While the next president of North Idaho College will be chosen out of a national search, college trustees have decided to select the institution’s interim leader during that search process from within.
Members of the North Idaho College Board of Trustees voted Friday to initiate full-time and interim presidential searches, stipulating that the college’s next interim president will be hired internally.
The search for a new president to replace Rick MacLennan, who was fired without cause by the board effective Thursday, will be spearheaded through a search committee led by at least two trustees with support from the administration. The committee’s members have not been decided.
MacLennan, who served five years as president, was fired after months of conflict with the majority of the Board of Trustees – namely, board Chair Todd Banducci, Vice Chair Greg McKenzie and trustee Michael Barnes.
The board has appointed Lita Burns, vice president for instruction, to serve in the capacity of an acting president until it finds an interim president.
The difference between an acting and an interim president is length of term, said Laura Rumpler, chief communications and government relations officer. Whereas an acting president may serve up to several weeks, an interim could be in office for six months or more until a new president is selected.
The terms of Burns’ employment as acting president were clarified during Friday’s meeting, which started behind closed doors with an executive session that lasted around an hour. Trustees voted unanimously to increase Burns’ salary to $200,000, with the increase prorated for the time she serves as president. Her salary as vice president for instruction was $138,134.
Burns has made it clear that her time leading NIC will be temporary, as she plans to retire by the start of next year.
She submitted her retirement letter to MacLennan while he was still in office, and Burns said the board was aware of her pending retirement. She was surprised when they appointed her to the acting presidency role Wednesday night.
“I will be (vice president for instruction) until Jan. 4. Right now, I can’t predict the future, so I really don’t know,” Burns said. “I fully anticipate, because we have some great leaders on this campus, that they will be able to find a very qualified, able interim president to follow me.”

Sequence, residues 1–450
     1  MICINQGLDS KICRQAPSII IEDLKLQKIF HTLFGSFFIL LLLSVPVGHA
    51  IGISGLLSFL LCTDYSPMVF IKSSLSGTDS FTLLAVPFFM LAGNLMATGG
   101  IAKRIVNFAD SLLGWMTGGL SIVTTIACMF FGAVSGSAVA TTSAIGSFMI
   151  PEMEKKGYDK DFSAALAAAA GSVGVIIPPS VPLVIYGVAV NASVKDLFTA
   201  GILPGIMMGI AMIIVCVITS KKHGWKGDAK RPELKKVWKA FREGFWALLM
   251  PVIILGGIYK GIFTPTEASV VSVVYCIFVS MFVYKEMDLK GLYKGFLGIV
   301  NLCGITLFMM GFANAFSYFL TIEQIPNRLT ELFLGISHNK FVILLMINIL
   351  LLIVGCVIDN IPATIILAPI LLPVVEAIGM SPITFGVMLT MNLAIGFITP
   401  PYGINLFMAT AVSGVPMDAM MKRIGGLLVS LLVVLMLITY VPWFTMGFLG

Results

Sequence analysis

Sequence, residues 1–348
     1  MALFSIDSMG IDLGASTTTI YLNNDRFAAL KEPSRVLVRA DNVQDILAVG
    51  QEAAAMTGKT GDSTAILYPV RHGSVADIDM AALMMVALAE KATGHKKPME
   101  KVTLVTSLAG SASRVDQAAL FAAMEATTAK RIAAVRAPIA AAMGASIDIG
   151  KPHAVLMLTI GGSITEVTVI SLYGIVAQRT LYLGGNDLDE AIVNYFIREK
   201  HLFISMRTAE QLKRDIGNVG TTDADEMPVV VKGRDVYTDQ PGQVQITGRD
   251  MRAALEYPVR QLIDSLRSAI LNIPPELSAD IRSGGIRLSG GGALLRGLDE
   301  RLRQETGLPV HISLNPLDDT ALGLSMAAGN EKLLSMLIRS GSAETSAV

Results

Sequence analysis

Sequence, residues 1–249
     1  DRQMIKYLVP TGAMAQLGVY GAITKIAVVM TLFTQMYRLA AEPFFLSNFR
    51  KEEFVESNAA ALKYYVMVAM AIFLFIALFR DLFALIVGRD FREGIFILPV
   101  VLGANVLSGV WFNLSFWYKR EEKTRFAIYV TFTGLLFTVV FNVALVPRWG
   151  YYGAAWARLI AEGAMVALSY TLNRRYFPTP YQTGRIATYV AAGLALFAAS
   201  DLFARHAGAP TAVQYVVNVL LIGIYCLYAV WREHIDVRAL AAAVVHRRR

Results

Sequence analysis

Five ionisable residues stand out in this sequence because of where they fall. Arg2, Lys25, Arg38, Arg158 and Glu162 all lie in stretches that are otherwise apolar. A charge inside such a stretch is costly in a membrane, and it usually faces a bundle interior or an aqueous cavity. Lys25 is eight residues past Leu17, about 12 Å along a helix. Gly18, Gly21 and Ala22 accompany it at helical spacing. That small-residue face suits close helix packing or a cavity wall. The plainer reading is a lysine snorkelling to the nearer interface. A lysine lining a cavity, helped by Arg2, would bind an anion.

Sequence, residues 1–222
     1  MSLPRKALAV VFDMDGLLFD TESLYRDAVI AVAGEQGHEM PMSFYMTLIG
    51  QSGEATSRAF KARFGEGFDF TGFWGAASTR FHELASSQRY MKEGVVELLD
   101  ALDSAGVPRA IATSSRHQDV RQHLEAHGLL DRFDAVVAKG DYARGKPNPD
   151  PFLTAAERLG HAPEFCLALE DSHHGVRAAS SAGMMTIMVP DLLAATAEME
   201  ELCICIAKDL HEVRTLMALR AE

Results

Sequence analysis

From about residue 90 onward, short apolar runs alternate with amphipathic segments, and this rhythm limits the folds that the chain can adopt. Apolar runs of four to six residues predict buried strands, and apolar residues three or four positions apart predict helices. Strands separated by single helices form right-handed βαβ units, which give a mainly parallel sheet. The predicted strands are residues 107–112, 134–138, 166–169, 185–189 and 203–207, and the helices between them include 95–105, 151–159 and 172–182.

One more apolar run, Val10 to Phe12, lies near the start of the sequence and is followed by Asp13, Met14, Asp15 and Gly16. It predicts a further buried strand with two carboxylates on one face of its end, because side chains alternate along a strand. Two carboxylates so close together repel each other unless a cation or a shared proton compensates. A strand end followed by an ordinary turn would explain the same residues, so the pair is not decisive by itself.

Burns, who has worked in higher education for 30 years, has served as vice president for instruction at NIC since 2012.
“You have just shown stellar leadership throughout the years in all of the roles that you’ve played at NIC,” Trustee Christie Wood said to Burns during the meeting. “We’re in very turbulent times, and I’m so grateful to you and proud of you for stepping up and filling the role that we need.”
Trustees are expected at their next meeting to review options for nationwide search consultants to work with on the search for a full-time president.
While two trustees will helm the national search committee, the full board will have a hand in selecting an interim president.
Banducci said he would prefer to hire the college’s next leader – be it the interim or full time – from within to promote “continuity and a lack of disruption,” as opposed to getting an external candidate up to speed.
“If we don’t have enough quality people on this campus for somebody to be the interim president, I can’t express my disappointment if that’s where we’re at,” Banducci said. “I’m just going to say it out loud,” he said. “We’ve got to have some candidates here that are plenty qualified.”
With the search for the interim president, Burns also recommended an internal hire to maintain consistency with operations, saying the college needs an interim leader who already knows the policies and budgeting procedures.
With the search for the next full-time president, meanwhile, Burns said a national search is important in the college’s accreditation process.
As it stands, the Northwest Commission on Colleges and Universities is investigating whether the college is still eligible for regional accreditation in light of complaints against Banducci of aggressive, unprofessional and threatening behavior.
While McKenzie said he doesn’t feel the interim should be eligible to apply for the full-time job, he was ultimately overruled. Asked to elaborate on his perspective after the meeting, McKenzie said, “At the time, I didn’t think it was the best, and you don’t always get what you want.”
McKenzie declined to comment on the events from earlier this week. Banducci also declined to comment.
In light of MacLennan’s firing and his fractured relationship with the board, Burns said she would be “foolish to say there is absolutely no concern,” but ultimately plans to take a more positive approach.
“I am very excited to be able to work with the board,” she said, “and a part of that, I hope, will be mending relationships and working together. That’s really my goal, even in the short time that I’m going to do this.
“NIC is a really fine and solid institution. We cannot lose sight of that. We have work to do to get our business back in order, but NIC is a really solid institution.”
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